Two months after the Smithsonian successfully reopened the National Zoo and the National Air and Space Museum’s Steven F. Udvar-Hazy Center in Chantilly, Va., four more museums will welcome back visitors on Friday.

The Smithsonian American Art Museum, the National Portrait Gallery, the National Museum of African American History and Culture and the Renwick Gallery are the next sites in the gradual reopening of the world’s largest museum complex. The success of the zoo and Udvar-Hazy gave the Smithsonian confidence to introduce more, Smithsonian Secretary Lonnie G. Bunch III said.

“We have not had any infections of staff, which means our safety protocols are working,” he said, citing his first priority.

Social distancing guidelines, including signage on the floors and public address announcements, have worked, Bunch said, while concerns about potential resistance to wearing masks proved unfounded.

About 45,000 people have visited Udvar-Hazy since July 24, when the Smithsonian also reopened the zoo, which has welcomed about 170,000 visitors. The Hirshhorn Museum’s Sculpture Garden and other Smithsonian gardens opened Aug. 17.

Procedures similar to those in place at the zoo and Udvar-Hazy will help to protect the health and safety of the staff and visitors. They include reducing hours, limiting capacity and requiring visitors to obtain free, timed passes for three of the four sites. About 1,100 passes a day will be distributed for the American Art museum and Portrait Gallery, which share the historic Patent Office Building in Penn Quarter. About 250 a day will be available for the African American Museum.

The museums will require visitors ages 6 and older to wear face coverings and to stay distanced. One-way paths and directions will help control the flow of guests, and hand-sanitizing stations will be plentiful. Visitors who are sick or do not feel well are asked to stay home.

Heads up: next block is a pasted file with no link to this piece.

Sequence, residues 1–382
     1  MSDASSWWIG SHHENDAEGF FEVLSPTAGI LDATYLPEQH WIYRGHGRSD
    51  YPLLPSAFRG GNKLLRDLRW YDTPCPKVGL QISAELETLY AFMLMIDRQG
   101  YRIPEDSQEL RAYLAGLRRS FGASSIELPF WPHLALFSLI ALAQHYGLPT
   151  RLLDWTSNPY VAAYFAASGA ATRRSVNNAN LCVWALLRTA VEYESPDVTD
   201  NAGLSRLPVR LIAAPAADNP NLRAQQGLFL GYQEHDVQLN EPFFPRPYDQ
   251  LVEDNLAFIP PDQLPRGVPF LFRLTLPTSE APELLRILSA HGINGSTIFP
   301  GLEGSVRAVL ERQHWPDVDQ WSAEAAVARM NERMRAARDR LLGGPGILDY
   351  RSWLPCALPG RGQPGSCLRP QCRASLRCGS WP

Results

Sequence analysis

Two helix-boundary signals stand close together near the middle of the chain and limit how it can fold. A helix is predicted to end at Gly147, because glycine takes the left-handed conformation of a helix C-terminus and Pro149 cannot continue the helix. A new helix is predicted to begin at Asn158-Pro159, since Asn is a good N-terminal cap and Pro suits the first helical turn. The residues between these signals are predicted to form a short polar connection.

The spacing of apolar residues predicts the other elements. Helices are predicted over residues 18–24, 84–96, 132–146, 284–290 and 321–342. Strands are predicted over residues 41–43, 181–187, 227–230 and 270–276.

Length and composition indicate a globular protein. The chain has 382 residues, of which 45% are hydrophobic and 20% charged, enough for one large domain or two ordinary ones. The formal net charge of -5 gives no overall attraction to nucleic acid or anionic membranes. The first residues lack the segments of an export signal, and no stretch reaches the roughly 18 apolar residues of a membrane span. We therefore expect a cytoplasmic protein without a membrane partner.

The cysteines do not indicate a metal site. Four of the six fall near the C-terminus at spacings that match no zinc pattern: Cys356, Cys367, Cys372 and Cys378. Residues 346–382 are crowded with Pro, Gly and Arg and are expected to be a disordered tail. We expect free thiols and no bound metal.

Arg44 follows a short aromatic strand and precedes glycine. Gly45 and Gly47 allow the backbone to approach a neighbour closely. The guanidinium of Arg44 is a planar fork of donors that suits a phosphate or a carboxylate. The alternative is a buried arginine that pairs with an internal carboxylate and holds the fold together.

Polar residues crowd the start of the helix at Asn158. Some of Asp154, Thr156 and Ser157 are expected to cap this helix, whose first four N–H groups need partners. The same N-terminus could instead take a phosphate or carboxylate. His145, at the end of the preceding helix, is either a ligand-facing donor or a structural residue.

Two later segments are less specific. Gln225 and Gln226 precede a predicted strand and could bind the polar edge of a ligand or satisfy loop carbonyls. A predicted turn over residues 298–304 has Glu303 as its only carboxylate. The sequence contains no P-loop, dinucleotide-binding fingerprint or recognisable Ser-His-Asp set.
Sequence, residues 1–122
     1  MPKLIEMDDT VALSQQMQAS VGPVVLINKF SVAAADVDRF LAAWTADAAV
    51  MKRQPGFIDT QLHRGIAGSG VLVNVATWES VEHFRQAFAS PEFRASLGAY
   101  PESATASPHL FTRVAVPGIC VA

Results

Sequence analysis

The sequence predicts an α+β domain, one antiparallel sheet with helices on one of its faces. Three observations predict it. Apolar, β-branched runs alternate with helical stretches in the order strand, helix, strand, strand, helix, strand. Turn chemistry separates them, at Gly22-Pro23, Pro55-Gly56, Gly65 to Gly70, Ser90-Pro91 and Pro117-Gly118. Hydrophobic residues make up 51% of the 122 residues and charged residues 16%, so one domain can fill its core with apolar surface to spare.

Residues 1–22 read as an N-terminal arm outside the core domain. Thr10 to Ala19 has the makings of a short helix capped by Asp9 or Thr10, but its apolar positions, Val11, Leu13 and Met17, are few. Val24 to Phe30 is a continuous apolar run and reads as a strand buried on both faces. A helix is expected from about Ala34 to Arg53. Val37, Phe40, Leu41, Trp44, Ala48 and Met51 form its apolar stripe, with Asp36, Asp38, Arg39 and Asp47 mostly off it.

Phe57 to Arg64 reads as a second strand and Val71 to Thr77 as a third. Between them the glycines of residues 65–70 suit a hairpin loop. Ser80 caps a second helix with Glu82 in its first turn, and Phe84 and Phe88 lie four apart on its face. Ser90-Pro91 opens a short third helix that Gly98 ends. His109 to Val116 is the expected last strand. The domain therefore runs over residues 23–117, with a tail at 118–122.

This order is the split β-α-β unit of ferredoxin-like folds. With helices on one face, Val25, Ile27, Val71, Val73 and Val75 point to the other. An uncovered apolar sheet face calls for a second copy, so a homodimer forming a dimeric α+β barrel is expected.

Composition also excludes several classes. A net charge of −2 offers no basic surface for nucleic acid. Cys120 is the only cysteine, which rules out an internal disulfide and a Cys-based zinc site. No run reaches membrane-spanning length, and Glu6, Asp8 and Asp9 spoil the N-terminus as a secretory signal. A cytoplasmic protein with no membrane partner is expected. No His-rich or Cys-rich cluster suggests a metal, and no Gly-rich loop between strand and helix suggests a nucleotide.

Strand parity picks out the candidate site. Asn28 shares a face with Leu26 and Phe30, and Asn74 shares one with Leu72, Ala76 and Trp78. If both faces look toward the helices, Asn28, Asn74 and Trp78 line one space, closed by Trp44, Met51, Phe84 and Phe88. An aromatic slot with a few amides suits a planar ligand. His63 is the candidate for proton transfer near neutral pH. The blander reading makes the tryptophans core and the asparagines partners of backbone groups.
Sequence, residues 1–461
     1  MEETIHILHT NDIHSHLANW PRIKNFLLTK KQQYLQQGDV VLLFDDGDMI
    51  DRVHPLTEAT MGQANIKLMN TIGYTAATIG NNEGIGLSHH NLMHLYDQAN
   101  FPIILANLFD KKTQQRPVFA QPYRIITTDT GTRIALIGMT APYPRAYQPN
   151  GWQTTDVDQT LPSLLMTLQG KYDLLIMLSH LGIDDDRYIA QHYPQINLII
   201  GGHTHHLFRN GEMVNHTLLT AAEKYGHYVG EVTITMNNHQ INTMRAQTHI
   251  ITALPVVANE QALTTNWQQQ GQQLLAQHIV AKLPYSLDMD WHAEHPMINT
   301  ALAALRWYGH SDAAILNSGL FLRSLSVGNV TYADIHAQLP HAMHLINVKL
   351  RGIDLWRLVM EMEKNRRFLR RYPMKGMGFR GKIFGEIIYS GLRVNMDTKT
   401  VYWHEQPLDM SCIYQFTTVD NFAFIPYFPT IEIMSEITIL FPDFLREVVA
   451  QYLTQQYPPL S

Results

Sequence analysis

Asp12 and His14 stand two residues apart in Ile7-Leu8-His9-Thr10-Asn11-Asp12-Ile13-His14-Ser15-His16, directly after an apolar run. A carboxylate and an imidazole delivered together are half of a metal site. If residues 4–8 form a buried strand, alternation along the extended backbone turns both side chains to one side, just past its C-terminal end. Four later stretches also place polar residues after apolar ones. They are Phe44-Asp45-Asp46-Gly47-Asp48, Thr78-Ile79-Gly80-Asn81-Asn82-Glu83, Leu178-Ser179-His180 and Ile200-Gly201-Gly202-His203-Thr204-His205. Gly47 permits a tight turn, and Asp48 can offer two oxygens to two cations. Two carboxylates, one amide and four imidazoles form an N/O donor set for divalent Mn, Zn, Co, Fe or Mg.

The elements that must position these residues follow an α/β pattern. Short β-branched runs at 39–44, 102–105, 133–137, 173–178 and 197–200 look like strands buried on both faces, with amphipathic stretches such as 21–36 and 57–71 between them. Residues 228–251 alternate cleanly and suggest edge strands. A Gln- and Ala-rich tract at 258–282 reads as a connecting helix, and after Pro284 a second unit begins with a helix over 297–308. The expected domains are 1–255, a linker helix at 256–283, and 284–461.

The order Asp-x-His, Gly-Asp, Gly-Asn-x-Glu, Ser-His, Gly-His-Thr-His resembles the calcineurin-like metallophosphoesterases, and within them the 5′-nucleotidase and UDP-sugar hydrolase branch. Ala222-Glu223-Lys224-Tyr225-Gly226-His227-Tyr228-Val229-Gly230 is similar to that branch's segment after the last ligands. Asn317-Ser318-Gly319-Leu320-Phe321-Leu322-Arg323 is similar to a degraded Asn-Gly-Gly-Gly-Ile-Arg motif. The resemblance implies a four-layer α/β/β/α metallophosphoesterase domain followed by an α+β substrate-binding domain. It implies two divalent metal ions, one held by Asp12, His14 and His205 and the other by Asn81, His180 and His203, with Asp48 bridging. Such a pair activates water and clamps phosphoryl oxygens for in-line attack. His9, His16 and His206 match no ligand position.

The Smithsonian closed its network of museums and the zoo on March 14 as part of the effort to reduce the spread of the novel coronavirus. The rest of the Smithsonian sites remain closed.

The four museums will be open Wednesdays through Sundays, but their hours will differ. The National Museum of African American History and Culture on the Mall will be open from 11 a.m. to 4 p.m., while the American Art Museum and the National Portrait Gallery will operate from 11:30 a.m. to 7 p.m. (Visitors must use the G Street NW entrance.) The Renwick’s hours are 10 a.m. to 5:30 p.m.

Free, timed passes for the American Art Museum, National Portrait Gallery and African American Museum are available at si.edu/visit or by phone at 800-514-3849, Ext. 1. Individuals can reserve up to six passes; each visitor, regardless of age, must have one. Groups are capped at six, and there must be at least one adult with children younger than 18. The smaller Renwick, near the White House and home to the Smithsonian American Art Museum’s decorative arts collection, will not require passes.

Stephanie Stebich, the director of the American Art Museum, is eager to have visitors return to the galleries.

“People are suffering, and I believe we are in the art and people business,” Stebich said. “Artists give us hope, seeing some of our favorite objects, being in places that are familiar to us, doing things that we enjoy — we have to get back to those things.”

The museums’ cafes and retail shops will not be open, and public tours and events are suspended. In addition, some exhibits and spaces may be closed or operated at limited capacity. For example, the African American Museum’s Oprah Winfrey Theater remains closed, as does the segregated Southern Railway Car and Edisto Island Slave Cabin. Many of that museum’s popular exhibits, including the Follow the Green Book and Segregated Lunch Counter interactives and the reflection booths, remain closed.

The Smithsonian has adopted a cautious approach that has been informed by D.C. and federal guidelines. At the moment, Bunch said the data show that reopening these facilities is an acceptable risk.

“This is going to be the new normal,” Bunch said. “At a time of pain, we need institutions that remind us of beauty. At a time of divisiveness, we need museums to remind us we’ve been through this before. For me, it’s about public service.”